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6 ways to attract Gen Z job seekers — and what they value most in companies

While no generation is a monolith, people who have grown up and come of age under similar global circumstances tend to share some things in common. 

Gen Z is no different. When looking for job opportunities, Gen Zers — those currently under the age of 26 — will be attentive to things that may not have been prioritized by previous generations. 

Thus, organizations need to take certain steps to attract this dynamic group. Talent-development expert Chelsea Williams, whose national workforce and development company Reimagine Talent works closely with many Gen Z professionals, shared six things companies need to prioritize in order to stand out to Gen Z job seekers.

1. Express a clear dedication to diversity and social impact 

Gen Zers tend to value companies that demonstrate real commitment to "social impact, doing good, and diversity, equity, and inclusion" Williams said, because they're the most diverse generation. They vote with their dollars, they follow organizations on social media to ensure that companies are doing more than paying lip service to philanthropy, and they want employers that do the same. 

A company's efforts around building a diverse workforce, supporting employees from underrepresented groups once they're hired, and giving back should be detailed in job descriptions and discussed in interviews, Williams said. She added that companies should also actively provide scholarships and work-based learning opportunities to marginalized communities. 

2. Be transparent about pay and growth opportunities 

The current hiring market is a competitive one — and Gen Zers know that they can take jobs in the gig economy to earn money if they feel that prospective employers aren't prepared to pay them what they deserve. 

"Behind the demand for higher salaries is more confidence in what the population believe they have to offer," Williams said. "Employers should be able to cautiously articulate what their companies have to offer beyond salaries, too."

Transparency and specificity are key, Williams said. Narrow the salary range you can offer as much as possible in your job description and be upfront about career mobility and professional-development opportunities, including tuition reimbursement, professional-development stipends, and training programs. Gen Zers want to know what's in it for them if they come to work for you.

3. Offer community through mentorship and affinity groups 

Gen Zers need to see that you know how to build a great company culture and that you can offer them support as part of your team. Williams specifically noted an internal professional community, real-time feedback, and investment in employee mental-health and social-justice efforts among the factors that build an ideal culture for this group. 

"Every touchpoint shapes culture for candidates, from the website to interview screening to onboarding," Williams said. "Make them count."

Connect job applicants with new Gen Z hires as much as you can during the interview and hiring process. Build out mentorship programs, affinity groups, and regular Q&A sessions for your Gen Z employees and share those opportunities when talking about your benefits.

4. Focus on skills and competencies, not education 

In today's educational and professional landscapes, you'll find more success with landing and retaining Gen Z talent when you emphasize the skills and competencies you're looking for, rather than the major or course of study.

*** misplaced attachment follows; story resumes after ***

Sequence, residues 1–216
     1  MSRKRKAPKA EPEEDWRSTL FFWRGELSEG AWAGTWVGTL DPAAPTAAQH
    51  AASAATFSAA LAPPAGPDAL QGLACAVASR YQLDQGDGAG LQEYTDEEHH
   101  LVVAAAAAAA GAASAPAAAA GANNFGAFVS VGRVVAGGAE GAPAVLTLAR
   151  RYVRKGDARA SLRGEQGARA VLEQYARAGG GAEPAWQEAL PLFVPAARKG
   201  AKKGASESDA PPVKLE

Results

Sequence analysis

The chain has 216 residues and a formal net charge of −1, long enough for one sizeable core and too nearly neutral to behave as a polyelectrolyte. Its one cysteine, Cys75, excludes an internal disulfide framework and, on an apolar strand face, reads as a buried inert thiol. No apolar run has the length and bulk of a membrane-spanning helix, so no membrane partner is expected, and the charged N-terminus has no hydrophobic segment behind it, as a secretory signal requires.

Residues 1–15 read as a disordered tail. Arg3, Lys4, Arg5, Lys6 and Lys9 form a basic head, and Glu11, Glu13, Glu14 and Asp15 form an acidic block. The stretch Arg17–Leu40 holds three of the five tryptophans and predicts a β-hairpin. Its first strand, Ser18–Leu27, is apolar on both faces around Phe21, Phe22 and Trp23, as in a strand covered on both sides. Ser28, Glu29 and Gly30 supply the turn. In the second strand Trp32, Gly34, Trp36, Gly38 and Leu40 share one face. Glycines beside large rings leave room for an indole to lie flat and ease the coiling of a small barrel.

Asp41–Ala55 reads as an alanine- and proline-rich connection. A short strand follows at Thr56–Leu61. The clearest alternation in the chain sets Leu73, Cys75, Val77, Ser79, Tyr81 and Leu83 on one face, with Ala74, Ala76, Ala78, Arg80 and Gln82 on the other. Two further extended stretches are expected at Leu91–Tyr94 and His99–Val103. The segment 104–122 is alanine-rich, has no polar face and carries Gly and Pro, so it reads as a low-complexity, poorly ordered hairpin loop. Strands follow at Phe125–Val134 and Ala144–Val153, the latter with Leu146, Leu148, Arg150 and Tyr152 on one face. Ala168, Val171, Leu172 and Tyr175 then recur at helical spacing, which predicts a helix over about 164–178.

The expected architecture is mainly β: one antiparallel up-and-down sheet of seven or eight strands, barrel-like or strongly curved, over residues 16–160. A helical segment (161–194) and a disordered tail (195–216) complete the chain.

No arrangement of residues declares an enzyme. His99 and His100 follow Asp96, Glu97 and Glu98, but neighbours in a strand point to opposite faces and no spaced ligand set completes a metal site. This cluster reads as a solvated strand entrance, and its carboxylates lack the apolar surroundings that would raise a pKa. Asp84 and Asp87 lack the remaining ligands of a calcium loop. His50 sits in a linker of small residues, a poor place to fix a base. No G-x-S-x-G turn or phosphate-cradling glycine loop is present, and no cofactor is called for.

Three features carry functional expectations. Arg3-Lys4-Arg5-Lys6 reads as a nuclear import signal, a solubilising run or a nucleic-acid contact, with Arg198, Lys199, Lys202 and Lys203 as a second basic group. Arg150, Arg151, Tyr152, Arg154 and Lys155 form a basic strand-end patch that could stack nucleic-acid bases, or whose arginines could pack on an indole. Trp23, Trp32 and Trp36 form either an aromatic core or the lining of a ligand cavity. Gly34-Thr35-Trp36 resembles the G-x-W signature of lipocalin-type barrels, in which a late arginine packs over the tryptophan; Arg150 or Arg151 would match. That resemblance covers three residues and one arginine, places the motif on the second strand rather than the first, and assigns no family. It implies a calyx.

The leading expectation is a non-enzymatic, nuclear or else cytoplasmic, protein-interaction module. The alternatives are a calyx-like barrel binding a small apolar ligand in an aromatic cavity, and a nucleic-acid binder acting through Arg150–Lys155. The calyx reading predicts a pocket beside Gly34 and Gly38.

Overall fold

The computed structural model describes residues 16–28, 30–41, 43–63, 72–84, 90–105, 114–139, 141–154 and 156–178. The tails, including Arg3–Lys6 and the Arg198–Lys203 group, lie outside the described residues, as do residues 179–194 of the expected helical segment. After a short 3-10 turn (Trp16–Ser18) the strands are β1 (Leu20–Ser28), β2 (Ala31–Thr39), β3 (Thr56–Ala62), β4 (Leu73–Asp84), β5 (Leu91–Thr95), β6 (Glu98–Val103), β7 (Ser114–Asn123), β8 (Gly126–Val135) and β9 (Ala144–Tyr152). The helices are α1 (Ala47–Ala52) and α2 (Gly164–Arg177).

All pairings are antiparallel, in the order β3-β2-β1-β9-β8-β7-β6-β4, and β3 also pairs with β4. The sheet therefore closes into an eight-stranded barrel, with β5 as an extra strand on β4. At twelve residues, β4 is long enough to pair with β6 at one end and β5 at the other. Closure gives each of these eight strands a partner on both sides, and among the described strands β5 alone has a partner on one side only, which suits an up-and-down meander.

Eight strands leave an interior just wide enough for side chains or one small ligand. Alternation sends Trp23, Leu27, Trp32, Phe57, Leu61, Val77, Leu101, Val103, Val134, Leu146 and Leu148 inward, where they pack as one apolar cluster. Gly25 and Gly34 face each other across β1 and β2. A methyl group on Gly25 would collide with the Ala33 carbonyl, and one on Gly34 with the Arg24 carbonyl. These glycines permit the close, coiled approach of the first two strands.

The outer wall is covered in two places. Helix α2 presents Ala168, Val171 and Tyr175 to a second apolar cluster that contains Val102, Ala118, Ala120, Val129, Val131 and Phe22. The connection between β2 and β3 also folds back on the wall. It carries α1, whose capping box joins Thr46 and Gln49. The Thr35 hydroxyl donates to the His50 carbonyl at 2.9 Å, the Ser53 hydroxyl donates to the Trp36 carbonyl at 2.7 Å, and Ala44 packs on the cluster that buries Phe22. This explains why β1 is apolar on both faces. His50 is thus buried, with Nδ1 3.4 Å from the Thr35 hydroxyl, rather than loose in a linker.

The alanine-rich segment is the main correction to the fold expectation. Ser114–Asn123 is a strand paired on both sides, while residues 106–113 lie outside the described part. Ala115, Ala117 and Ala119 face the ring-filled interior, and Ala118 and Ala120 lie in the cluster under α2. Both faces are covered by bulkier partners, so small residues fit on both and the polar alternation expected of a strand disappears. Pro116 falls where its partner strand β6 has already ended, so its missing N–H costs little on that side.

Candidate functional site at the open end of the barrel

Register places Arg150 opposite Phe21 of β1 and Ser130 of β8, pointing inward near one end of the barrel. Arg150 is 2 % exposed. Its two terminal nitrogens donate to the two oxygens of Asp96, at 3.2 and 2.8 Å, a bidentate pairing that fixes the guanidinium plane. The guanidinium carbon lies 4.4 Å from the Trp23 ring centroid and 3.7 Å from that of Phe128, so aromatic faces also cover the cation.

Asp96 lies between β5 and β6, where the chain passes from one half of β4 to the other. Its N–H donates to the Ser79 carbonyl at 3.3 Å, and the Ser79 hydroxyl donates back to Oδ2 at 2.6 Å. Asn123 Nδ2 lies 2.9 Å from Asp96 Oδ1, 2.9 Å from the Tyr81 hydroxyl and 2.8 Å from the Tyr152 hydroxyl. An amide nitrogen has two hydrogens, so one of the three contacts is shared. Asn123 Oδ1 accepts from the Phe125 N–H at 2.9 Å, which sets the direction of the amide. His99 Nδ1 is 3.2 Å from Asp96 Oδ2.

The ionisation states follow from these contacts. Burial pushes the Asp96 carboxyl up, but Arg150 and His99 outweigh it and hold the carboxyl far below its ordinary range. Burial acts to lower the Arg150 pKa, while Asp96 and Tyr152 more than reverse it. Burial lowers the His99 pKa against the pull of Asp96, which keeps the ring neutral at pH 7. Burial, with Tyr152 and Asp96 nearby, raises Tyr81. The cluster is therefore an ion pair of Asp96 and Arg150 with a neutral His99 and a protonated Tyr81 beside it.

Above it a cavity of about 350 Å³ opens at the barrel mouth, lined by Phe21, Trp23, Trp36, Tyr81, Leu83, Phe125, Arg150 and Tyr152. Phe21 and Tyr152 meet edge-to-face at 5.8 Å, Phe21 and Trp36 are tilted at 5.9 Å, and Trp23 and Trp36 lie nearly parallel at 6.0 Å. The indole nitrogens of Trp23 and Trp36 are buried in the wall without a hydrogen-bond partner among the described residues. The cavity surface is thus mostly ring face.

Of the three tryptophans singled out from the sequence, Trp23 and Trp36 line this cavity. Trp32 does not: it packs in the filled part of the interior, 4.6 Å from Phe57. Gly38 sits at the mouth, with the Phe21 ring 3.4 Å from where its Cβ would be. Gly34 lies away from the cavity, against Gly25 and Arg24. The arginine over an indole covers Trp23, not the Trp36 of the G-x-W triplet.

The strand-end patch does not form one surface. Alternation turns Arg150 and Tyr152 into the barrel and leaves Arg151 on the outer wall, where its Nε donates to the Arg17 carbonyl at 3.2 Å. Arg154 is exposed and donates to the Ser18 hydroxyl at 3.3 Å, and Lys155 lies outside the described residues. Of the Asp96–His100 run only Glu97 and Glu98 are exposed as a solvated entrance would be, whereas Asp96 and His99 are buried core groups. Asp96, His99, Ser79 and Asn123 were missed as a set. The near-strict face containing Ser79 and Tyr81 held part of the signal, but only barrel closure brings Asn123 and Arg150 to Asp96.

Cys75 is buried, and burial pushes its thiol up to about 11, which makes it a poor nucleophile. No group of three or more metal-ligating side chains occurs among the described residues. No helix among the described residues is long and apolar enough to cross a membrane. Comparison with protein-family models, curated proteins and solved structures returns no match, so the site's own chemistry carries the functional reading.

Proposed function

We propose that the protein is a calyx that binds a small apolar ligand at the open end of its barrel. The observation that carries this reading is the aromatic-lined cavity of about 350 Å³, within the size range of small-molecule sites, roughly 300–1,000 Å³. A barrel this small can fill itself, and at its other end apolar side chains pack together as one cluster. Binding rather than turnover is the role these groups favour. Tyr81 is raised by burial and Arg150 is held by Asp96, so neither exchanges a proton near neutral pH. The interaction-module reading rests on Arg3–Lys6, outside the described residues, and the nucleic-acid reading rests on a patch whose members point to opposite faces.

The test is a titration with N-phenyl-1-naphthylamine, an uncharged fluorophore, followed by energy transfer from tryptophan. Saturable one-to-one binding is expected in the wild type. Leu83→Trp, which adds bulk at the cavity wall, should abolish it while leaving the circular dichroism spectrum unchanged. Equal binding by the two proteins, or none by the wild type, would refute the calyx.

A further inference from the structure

Framing your interview with Gen Zers in this way will give you a better sense of what a prospective hire is really capable of and will help ensure that you end up with the right person for the job, Williams said. A Gen Z job seeker will also be attracted to an organization that talks about their workforce this way, as it's likely that what a student majors in has little to do with the jobs they ultimately pursue a few years after graduation. 

"We are in a time when enrollment in higher-education institutions is falling," William said. "Not all students are choosing the higher-education route, so major is a nonfactor."

5. Go where Gen Z hangs out 

Recruiting at the same lineup of colleges and universities, reaching out to the same academic programs, and posting jobs in the same places you have for years is not going to get you the Gen Z talent you want, since competitive, high-potential prospects will be looking in other places, Williams said.

Leverage Gen Z employees who are already working within the organization with Q&A sessions. Broaden the scope of your campus visits. Look for ways to brand your company on TikTok and on other social-media platforms.

Storytelling is a powerful recruiting tool. "One of the best ways you can see yourself is through the stories of others," Williams said. "Showing a day in the life is very important for this generation."

Gen Zers want to see that you're changing things up — and you'll find stronger applicants when you do.  

6. Cultivate a spirit of entrepreneurship

Gen Zers need to know that you're creating an innovative workplace, and building a culture of entrepreneurship within your team is one way you can do that. This generation thrives and succeeds when they know they have opportunities to build and be original, Williams said.

Communicate with applicants about the clarity with which ideas are shared and rewarded and show off examples of products and services led by the team.

"Employers can talk about the ways that you can build projects, processes, programs, and systems and be part of creating something that doesn't exist," Williams said. "That's exciting."


This article was written by Alli Hoff Kosik from Business Insider and was legally licensed through the Industry Dive Content Marketplace. Please direct all licensing questions to

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